You think recruiters have your back. They do. But they also know plenty about hiring managers that they keep to themselves. Here are some of the dirty little secrets about hiring managers, the gatekeepers who stand between you and your dream job.
- Appearance matters. The way you look, though it should be irrelevant, can charm or scare the hiring manager. Michael Brown, a global management expert, and author or Fresh Passion Leadership: Become a Distinct, Branded Leader or Extinct Generic explains: “Of course, they are hiring you for your intellectual capacity, but the face the brains are dressed in also contributes.” He says he’s seen people get hired just because they look great, but also, “there are cases where hiring managers didn’t hire someone because they were uncomfortable with their attraction to the job seeker.”
- That the hiring manager has a dubious reputation. He or she may keep employees from getting the attention they deserve, delegate the unpleasant assignments and keep the good ones, take credit for employees’ achievements, or point a finger when a problem arises. Some may even be “screamers,” the kind of bosses who yell and intimidate employees. However, Roy Cohen, a career coach and author of The Wall Street Professional’s Survival Guide, says recruiters aren’t likely to describe hiring managers in these terms. “Instead, the recruiter will suggest that the hiring manager sets high standards, gives employees as much latitude and leash as they need, or is a great boss with a few ‘quirks.’”
- They’re probably not prepared for your interview. “Most hiring managers think they can ‘wing it’ when it comes to interviewing you for the role,” says Anne Bucher, senior vice president, client experience & technology at Cielo, a strategic recruitment process outsourcing (RPO) partner. That means that they probably haven’t devoted a ton of time preparing for your office visit and interview. Know too, says Karpiak, that “sometimes they interview you not really knowing what they want—they use the interview process to see what is out there and what direction the position should go in.” Since you have a ton of control in this job market, don’t be afraid to assess the organization and readiness of the hiring manager. Remember that as the candidate, says Bucher, you have the ability to interview the company as much as they’re assessing you. Ask questions about what type of candidate they’re looking for and what their day-to-day looks like to get a feel for how well you would work with the hiring manager if you were hired on for the role.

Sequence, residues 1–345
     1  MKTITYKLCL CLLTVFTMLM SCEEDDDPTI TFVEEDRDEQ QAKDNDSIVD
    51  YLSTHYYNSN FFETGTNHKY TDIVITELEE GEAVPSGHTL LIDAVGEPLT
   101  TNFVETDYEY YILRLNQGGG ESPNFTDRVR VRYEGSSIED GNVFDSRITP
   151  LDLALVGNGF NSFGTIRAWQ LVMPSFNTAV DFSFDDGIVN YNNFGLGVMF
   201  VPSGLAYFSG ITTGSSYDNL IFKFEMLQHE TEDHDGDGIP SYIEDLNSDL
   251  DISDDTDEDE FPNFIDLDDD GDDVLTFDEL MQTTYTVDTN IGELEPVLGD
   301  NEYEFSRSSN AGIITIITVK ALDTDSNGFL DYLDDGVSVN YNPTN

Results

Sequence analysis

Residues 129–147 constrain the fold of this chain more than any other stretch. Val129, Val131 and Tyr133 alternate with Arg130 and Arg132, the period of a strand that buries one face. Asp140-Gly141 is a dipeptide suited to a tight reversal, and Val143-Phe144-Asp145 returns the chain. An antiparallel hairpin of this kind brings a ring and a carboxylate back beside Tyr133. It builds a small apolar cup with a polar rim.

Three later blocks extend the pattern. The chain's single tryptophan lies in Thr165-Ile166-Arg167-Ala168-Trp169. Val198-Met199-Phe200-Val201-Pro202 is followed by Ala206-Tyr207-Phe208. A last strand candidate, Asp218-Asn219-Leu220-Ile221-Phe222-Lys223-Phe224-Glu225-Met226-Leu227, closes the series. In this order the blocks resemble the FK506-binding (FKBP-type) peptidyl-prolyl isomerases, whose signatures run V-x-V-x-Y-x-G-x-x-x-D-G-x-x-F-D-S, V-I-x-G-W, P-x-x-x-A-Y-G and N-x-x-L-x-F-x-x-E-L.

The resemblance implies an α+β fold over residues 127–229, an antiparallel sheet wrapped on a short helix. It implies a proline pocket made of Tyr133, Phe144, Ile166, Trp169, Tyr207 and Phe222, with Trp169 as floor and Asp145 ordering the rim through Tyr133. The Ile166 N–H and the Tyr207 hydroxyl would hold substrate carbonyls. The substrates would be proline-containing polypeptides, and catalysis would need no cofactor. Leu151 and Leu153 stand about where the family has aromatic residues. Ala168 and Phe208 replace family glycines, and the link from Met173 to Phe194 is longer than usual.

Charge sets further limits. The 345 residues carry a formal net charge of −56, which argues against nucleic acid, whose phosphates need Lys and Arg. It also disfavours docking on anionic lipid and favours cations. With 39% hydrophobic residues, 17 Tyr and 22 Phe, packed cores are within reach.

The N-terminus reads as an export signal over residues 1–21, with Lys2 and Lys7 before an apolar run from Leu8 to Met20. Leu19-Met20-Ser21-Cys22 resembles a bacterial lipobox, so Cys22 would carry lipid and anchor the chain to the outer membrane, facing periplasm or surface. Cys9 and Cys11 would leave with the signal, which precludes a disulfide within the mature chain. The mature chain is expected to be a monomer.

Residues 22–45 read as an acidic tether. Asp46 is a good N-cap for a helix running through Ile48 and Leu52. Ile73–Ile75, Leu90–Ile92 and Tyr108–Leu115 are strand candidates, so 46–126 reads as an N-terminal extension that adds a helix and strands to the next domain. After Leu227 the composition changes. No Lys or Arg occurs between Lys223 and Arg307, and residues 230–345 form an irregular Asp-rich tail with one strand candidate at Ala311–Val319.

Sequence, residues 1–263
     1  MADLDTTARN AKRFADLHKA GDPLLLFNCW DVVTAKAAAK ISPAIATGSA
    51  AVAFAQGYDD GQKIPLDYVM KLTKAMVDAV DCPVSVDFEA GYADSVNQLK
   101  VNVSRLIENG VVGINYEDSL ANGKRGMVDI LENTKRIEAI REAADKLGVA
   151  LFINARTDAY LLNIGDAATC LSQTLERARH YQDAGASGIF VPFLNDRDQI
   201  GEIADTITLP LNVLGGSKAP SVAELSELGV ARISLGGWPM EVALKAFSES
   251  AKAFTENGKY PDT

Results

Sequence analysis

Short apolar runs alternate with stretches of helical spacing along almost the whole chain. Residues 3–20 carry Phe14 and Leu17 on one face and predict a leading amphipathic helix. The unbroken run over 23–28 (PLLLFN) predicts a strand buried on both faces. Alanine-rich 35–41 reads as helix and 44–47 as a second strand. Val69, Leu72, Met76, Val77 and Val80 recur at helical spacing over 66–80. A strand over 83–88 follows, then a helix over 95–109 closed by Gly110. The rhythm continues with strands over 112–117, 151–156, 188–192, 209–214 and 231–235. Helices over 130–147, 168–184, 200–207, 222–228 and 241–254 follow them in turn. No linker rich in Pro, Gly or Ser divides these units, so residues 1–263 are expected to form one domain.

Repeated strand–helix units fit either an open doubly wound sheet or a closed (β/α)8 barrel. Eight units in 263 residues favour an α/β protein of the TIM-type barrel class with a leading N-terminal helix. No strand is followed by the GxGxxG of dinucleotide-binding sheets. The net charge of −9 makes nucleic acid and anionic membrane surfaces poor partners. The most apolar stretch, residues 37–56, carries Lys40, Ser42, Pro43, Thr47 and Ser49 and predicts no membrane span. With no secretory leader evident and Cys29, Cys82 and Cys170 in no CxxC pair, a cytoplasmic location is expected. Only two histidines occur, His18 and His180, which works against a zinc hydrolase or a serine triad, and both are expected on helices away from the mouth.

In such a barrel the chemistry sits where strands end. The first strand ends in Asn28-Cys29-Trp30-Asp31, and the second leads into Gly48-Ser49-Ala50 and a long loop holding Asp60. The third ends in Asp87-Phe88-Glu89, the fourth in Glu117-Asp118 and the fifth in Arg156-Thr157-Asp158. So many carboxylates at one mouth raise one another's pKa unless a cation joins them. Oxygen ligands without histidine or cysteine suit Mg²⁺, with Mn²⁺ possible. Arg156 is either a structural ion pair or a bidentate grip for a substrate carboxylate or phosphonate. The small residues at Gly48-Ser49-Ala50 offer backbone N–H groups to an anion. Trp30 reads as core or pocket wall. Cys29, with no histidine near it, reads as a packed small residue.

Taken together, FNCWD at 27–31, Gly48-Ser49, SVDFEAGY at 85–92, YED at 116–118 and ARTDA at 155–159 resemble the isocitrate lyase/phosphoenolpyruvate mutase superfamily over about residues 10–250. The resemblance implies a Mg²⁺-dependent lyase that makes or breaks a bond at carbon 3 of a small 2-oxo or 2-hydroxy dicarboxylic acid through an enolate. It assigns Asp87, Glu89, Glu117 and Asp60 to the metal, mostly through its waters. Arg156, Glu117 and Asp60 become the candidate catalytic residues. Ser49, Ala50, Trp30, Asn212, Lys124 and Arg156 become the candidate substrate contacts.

- They’re calling more than just your official references. You have prepared a handy list of references, and it’s well-known that hiring managers will scope you out via social media. But hiring managers can also get a little sneaky. “It’s surprising how often hiring managers go through the backdoor to get references. It happens a lot, and it’s a shame because it’s not supposed to happen,” says Karpiak. “Hiring managers will see who they know at your current/old company and chat them up, and get their opinion on what it’s like to work with you, how you get along with people, etc. Most job seekers don’t even know it happens.”
- Soft skills and culture fit may be more important to hiring managers than hard skills and competencies. While recruiters will scan your resume and LinkedIn profile to determine if you have the right skills for the job description, hiring managers are usually more focused on looking for someone who will be better at the job than their previous employee. So be sure you ask the hiring manager what they’re looking for in a new team member to ensure you can best position yourself and showcase skills during the conversation. Says Bucher, “Hiring managers are also very keen on looking for which soft skills—such as critical thinking, flexibility, adaptability, teamwork—you demonstrate during the interview…They also want to hire for culture fit, so do your research ahead of time and look at the employer brand to make sure you would be a fit for the work environment.”